The paper analyses the self-presentations of three convicted drunk drivers: two women and one man. It applies symbolic interaction theory to analyze how the interviewees account of themselves and their driving under the influence (DUI) convictions. The analysis shows how uncontrolled and unpredictable features of the data generating process impacts on the interviewees’ self-presentations. One interviewee, a 28-year-old man, uses his dog and tattoos to close-in on his problem with alcohol consumption. Another interviewee, a 61-year-old woman, uses legitimate cultural scripts of being a responsible woman to neutralize the fact that she has been drunk driving frequently for many years. The third interviewee, a 40-year-old woman, refuses to conceive herself as a drunk driver. Rather than taking responsibility for her DUI-conviction, she tries to relieve herself in the interview by blaming her DUI on her social surroundings. The paper demonstrates how qualitative interviews are sometimes unpredictable and dependent on diverse feelings and reactions and how drunk drivers, generally conceived as moral offenders, need intelligible, normative social positions to relate to their DUI.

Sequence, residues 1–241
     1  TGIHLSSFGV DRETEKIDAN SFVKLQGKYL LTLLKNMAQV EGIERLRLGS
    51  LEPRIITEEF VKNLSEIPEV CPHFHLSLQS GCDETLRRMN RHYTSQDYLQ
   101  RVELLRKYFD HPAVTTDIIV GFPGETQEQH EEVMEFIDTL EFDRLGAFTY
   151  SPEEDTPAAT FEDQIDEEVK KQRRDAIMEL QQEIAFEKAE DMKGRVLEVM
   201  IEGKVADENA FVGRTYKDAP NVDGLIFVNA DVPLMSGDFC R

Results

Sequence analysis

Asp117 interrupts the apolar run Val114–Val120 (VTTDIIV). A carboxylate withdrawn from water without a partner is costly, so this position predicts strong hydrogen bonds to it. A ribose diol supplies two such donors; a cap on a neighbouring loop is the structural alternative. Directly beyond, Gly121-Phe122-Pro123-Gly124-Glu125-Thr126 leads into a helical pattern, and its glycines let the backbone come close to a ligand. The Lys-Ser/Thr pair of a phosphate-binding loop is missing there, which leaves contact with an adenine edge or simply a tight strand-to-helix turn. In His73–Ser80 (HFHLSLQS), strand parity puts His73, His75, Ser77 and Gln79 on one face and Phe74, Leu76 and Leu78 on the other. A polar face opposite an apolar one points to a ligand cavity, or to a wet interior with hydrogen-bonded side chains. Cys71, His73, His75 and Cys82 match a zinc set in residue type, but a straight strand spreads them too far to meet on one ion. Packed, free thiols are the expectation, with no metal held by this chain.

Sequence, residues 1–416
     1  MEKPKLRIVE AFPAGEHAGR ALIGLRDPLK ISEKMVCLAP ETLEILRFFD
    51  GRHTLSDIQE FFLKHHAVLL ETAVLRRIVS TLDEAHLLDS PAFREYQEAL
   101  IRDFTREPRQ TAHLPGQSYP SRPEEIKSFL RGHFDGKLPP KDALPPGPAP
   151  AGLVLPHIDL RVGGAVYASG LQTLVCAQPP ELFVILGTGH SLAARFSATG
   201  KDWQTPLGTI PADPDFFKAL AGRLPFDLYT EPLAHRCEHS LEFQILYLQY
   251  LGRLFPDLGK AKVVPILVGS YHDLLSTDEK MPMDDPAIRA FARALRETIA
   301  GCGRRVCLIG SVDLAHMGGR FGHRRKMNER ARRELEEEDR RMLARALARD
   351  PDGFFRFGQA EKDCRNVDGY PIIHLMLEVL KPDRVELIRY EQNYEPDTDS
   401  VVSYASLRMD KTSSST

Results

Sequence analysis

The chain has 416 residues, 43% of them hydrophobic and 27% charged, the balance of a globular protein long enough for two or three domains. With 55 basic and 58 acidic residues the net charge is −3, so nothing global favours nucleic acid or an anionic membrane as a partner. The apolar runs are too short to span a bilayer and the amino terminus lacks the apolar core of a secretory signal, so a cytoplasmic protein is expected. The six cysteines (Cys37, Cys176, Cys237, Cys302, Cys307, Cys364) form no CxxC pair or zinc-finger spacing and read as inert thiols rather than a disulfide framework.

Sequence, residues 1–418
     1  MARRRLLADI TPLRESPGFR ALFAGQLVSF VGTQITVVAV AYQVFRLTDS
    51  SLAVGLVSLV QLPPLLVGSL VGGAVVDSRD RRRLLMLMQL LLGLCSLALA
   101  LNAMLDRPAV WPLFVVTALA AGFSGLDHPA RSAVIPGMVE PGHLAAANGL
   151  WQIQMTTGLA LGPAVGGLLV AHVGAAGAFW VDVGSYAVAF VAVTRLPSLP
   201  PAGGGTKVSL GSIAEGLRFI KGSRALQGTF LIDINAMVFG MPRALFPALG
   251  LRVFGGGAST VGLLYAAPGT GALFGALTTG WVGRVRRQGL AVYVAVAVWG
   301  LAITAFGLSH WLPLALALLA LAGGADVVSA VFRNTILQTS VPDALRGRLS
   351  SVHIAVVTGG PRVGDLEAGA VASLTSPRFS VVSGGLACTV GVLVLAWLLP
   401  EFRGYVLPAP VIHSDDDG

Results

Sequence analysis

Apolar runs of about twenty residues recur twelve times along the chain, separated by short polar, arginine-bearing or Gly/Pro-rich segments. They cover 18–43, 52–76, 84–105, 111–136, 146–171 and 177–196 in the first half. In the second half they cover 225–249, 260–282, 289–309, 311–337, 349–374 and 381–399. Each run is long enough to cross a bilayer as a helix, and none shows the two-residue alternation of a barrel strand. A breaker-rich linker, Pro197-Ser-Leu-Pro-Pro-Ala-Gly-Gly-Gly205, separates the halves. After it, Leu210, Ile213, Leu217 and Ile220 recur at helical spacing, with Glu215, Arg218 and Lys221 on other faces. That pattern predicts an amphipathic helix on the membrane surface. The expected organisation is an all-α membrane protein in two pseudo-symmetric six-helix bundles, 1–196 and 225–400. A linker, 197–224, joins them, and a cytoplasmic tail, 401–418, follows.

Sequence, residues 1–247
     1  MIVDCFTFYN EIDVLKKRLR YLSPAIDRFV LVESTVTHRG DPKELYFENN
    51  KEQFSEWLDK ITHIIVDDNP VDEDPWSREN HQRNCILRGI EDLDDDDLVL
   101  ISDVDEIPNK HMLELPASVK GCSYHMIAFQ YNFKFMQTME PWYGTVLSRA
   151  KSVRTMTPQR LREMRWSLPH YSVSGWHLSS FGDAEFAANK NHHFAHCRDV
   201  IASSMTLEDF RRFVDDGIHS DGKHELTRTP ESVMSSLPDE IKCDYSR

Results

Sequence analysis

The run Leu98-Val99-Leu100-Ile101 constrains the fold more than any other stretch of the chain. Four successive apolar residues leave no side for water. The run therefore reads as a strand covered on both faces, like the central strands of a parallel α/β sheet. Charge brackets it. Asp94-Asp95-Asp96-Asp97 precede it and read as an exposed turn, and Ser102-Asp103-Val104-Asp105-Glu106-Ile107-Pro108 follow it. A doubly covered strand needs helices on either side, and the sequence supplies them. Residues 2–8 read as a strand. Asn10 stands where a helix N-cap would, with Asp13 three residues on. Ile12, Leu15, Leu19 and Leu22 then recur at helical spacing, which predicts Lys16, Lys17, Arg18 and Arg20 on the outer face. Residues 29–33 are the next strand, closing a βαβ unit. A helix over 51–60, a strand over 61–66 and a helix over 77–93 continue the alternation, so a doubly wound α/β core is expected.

Qualitative Interviewing, Drunk Driving, Accounting, Social Deviance
Lars would like to acknowledge the support of the Danish Tryg Foundation and Department of Sociology, University of Copenhagen.
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Recommended APA Citation
Fynbo, L. (2018). The Uncommon Ground: Drunk Drivers’ Self-Presentations and Accountings of Drunk Driving. The Qualitative Report, 23(11), 2634-2647. Retrieved from https://nsuworks.nova.edu/tqr/vol23/iss11/3